In 1972, I graduated from SLU and received a fellowship to go to Brown University for my PhD, to research the implications of this new Climate Change Paradigm for predicting future climate. Three months after I arrived, my research advisor, along with a prominent scientist from Columbia University, wrote a letter to President Nixon summarizing recommendations from an international Climate Conference held at Brown University. The letter explained that we were on a precipice, marked by the confluence of several of the natural climate cycles, and that global cooling may be imminent. Many colleagues at both universities vetted the letter, which stated:
“ . . . a global deterioration of climate, by order of magnitude larger than any hitherto experienced by civilized mankind, is a very real possibility and indeed may be due very soon. The cooling has natural cause and falls within the rank of processes which produced the last ice age.”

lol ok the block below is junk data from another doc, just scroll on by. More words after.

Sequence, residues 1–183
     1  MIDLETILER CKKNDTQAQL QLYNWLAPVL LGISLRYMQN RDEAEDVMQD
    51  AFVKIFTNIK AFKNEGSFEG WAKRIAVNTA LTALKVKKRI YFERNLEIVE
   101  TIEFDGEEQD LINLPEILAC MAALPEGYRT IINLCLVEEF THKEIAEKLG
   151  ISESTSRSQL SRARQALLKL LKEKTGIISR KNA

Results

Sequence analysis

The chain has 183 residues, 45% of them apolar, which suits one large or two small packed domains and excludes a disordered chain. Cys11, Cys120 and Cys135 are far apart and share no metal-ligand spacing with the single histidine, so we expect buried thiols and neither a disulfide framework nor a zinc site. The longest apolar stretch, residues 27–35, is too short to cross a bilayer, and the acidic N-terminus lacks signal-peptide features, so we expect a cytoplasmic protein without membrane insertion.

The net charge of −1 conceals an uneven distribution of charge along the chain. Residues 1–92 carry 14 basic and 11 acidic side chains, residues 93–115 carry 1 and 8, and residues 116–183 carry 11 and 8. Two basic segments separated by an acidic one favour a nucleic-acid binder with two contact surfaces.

It has been chronicled that the White House sent the now famous “Matthews-Kukla letter” to key government agencies and through a chain of events and commissions resulted in the White House establishing in 1974 our U.S. National Climate Research Program. The problem of the outer planets controlling Earth’s climate, the sophisticated instrumentation used to study the subject, and the relevance to mankind were a match for me. And so I began my career by studying global cooling, yes, I said global cooling! Yeah, I know what you are thinking – this must be embarrassing, sort of like scoring a goal for the other team. Think that if you will, but this is actually where modern climate predictions started not so very long ago.